The Medical University of South Carolina’s board of trustees voted again to choose a president for the university. But this morning’s vote was taken in public and weeks after the Charleston Regional Business Journal reported that a public body cannot legally cast secret ballots in South Carolina.
By Ashley Barker
Published May 15, 2014
Trustees at the Medical University of South Carolina decided Thursday morning to make their vote for a new president public weeks after the Charleston Regional Business Journal reported that public bodies cannot legally cast secret ballots.
MUSC’s board chairman also proposed a possible change to the board’s bylaws to make all future votes public.
After that first vote, a spokeswoman for MUSC said 10 votes were confidentially tallied for Cole and seven votes were tallied for Dr. Joanne Conroy, chief health care officer for the Association of American Medical Colleges.
On Thursday, Chairman Tom Stephenson asked the board to vote in public to avoid any confusion.
Fourteen members of the board publicly voted for Cole, while two members, Barbara Johnson-Williams and Robin M. Tallon, chose Conroy. Trustee Dr. Charles B. Thomas Jr. was absent from the meeting.
Hours later, the board took another vote because two board members thought they were bound to vote as they had during the secret ballot on April 17.
Stephenson explained that the vote was for ratification of the previous vote, so a second public vote was taken today. The board members in attendance then voted unanimously for Cole.
“I am confident that we followed the proper procedure last time,” Stephenson said. “But in an effort to address some of the concerns, I am asking the audit committee to take up a proposed bylaw change.”
During the next board meeting, scheduled for Aug. 8, MUSC’s board is expected to discuss a change of its bylaws to require public votes.
“Our bylaws currently require secret ballot. I don’t believe we had any choice; we had to do it that way absent an amendment to our bylaws,” Stephenson said. “But we will propose that the audit committee bring to this board perhaps an end to that, and, if we adopt the bylaw change, from there on all ballots will be public.”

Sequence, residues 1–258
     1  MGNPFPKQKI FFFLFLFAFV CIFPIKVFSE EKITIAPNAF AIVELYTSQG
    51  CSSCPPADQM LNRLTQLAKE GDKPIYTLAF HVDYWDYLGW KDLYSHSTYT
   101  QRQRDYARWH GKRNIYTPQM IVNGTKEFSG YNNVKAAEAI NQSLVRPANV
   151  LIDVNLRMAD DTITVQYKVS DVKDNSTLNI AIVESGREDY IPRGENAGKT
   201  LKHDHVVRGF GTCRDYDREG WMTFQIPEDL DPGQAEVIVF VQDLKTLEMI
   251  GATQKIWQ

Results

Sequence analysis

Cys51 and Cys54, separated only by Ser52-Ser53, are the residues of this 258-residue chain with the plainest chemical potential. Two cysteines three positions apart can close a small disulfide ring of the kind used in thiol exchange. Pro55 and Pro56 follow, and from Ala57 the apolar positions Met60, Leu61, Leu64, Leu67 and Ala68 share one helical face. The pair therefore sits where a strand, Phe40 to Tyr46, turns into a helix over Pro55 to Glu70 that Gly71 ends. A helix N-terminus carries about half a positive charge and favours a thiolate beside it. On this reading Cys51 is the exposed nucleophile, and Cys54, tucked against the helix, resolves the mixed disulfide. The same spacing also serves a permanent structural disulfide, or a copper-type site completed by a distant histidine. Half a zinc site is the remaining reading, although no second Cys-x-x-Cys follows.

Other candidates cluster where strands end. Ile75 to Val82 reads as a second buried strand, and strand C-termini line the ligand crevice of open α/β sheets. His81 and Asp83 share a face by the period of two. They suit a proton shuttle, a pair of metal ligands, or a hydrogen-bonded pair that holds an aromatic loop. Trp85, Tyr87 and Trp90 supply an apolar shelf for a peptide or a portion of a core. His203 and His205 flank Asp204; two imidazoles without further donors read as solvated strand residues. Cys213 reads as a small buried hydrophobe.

S.C. Press Association attorney Jay Bender said voting in secret via a conference call and only taking tallies for each candidate is no different than voting in executive session, which is a violation of the S.C. Freedom of Information Act.
“There can be no secret votes,” Bender said in April, prior to the vote. “It’s an effort to institutionalize lawless behavior.”
MUSC attorney Annette Drachman said the board followed a 1995 S.C. opinion from then-Senior Assistant Attorney General Patricia Petway that says secret ballots may be used for voting purposes.
“If votes taken by secret ballot should be recorded by name, then such votes would become a matter of public record subject to disclosure, after the votes are submitted and tabulated,” the opinion said.
Drachman said the ballots are not available to the public because there were no ballots submitted.
“There’s a difference between what you record in terms of who voted for who versus the numbers of the tally,” Drachman said.
After the board decided to vote publically, Bender applauded the trustees for “coming to their senses.”
“Courage, belatedly, is nevertheless courage,” Bender said. “All they were doing by voting the way they did is undermining their new president, which made no sense.”
The board entered executive session after its first public vote to discuss Cole’s contract. The contract will be negotiated with Cole and is expected to be finalized at the August board meeting.
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Reach staff writer Ashley Barker at 843-849-3144 or @AshleyNBarker on Twitter.